Anyone who has ever set out on the trail of Andrea Palladio in Veneto or Friuli, travelling lightly but well-informed, may well have consulted the Palladio Guide (1985). Caroline Constant’s compact ‘guide’ from the 1980s probably proved a helpful vade mecum for many, directing them, as it does, to those less spectacular and hidden of his buildings often overlooked by large-format illustrated volumes. This little book is now available in five other languages in addition to English, including Japanese. On her journey into sixteenth-century architecture, Constant displays an interest, carried over into the volume reviewed in this paper, in the profound portrayal of concrete objects, woven into a fabric of text enriched with aspects of society, culture, social policy and, not least, the history of theory.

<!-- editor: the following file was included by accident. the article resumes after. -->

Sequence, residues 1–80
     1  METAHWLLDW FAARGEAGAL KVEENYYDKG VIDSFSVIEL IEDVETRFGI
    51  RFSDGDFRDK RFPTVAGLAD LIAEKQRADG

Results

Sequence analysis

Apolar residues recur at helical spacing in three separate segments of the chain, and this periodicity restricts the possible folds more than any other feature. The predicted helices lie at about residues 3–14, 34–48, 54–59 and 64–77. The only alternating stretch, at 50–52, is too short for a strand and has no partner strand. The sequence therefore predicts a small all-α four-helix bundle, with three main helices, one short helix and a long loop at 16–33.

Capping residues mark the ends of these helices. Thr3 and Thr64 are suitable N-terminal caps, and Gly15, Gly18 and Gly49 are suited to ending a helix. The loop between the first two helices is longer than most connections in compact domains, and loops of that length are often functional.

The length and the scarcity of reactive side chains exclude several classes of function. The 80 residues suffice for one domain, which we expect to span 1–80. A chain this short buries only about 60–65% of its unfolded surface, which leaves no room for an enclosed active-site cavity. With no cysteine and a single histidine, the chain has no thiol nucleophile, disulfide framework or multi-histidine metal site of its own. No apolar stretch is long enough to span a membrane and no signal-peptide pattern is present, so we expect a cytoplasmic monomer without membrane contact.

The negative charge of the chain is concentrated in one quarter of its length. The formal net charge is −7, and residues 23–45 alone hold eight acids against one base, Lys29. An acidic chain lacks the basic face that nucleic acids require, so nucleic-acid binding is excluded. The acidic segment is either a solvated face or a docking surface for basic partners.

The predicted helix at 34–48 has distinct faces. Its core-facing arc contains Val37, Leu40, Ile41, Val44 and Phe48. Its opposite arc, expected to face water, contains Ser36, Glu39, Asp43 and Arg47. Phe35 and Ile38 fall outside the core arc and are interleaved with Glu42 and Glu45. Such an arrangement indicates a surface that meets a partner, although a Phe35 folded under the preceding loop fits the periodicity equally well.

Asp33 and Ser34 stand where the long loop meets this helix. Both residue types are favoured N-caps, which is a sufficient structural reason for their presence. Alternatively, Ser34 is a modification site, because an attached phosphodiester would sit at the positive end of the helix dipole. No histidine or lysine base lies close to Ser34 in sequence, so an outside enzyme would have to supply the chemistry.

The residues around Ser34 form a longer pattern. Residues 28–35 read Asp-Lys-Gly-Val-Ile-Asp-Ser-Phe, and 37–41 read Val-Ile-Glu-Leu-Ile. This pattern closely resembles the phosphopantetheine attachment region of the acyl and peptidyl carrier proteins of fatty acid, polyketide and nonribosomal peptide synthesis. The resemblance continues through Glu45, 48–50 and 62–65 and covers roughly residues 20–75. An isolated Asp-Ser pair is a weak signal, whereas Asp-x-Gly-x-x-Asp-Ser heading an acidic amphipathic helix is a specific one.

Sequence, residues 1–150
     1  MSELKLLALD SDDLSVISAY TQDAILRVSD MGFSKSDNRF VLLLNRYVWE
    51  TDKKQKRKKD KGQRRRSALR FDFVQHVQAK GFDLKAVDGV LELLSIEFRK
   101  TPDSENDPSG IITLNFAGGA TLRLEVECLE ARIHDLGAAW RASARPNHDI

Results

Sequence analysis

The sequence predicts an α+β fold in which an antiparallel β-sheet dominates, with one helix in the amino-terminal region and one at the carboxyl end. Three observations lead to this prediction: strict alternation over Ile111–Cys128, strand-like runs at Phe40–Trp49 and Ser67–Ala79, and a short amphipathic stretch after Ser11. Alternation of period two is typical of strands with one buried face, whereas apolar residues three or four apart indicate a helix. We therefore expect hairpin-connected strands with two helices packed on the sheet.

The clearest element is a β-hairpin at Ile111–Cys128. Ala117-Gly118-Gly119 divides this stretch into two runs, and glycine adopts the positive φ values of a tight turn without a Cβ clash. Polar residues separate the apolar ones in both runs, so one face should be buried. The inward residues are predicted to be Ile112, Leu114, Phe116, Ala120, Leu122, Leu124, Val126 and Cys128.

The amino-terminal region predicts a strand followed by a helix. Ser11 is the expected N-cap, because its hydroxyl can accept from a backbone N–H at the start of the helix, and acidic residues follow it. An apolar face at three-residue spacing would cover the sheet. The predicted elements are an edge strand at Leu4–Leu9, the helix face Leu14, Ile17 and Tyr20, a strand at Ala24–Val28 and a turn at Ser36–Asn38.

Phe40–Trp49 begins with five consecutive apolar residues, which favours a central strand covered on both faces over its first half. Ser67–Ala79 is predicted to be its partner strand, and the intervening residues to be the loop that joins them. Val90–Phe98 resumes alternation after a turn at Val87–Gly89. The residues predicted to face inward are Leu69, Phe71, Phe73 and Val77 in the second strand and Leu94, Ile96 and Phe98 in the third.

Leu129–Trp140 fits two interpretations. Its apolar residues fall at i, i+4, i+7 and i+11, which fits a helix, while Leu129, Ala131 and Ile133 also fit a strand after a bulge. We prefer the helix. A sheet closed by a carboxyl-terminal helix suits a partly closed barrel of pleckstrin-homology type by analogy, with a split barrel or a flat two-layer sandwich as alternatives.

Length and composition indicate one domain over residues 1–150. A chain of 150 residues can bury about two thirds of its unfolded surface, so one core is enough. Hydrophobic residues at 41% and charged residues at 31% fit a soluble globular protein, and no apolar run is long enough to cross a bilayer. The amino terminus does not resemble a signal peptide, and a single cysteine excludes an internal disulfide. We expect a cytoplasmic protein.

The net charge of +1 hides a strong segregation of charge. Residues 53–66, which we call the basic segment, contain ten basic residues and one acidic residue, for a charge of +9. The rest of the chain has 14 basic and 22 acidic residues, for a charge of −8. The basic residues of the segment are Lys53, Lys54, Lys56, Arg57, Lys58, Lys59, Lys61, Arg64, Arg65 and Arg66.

The Modern Architectural Landscape is the fifth book to be published by the author, who is today a professor of architecture at the University of Michigan. Once again, as suggested by the format and the complete lack of colour, but most clearly evidenced by the sixty pages of notes and the often stamp-sized illustrations, this is not a coffee-table book. Neither, however, is it a ‘history’ all of a piece, but rather, for the most part, a compilation of essays by Constant already published, some abridged, some revised, with the oldest from 1987, only two years earlier than Constant’s first book publication. Also, The Modern Architectural Landscape is not an alternative ‘green’ history of architectural modernism, if we take this to mean something like a ‘white modernism’ which would need to be supplemented by garden and landscape narratives. In the nine main chapters of the book, Constant focuses on projects whose architecture is very heterogeneous and which date between 1920 and 1980. Accordingly, her analyses, each between fifteen and thirty pages long, can be seen first and foremost as the expression of a consistent, pertinent publication activity. Kenneth Frampton even went so far as to extol this as a book which ‘architect aficionados of landscape design have long been waiting for, written by a critical scholar who has devoted the best part of the past twenty years to a progressive analysis of the interplay between modern architectural form and the landscape’ — a quotation which, naturally enough, adorns the back of this soft-cover book. In fact, these essays were published over the course of several years not only in such renowned journals as AA Files or The Architectural Review, but also in anthologies that have been influential in landscape architecture of recent decades; for example, in Denatured Visions: Landscape and Culture in the Twentieth Century, published in 1991 by the Museum of Modern Art in New York, and in Jan Birksted’s Relating Architecture to Landscape from 1999 Constant herself has already published a monograph on the Stockholm Woodland Cemetery (1994), which appears in this collection; her more recent essay for Charles Walheim’s publication on Lafayette Park in 2004, which has also found its way into the book, demonstrates that she has been making a name for herself in this domain for decades.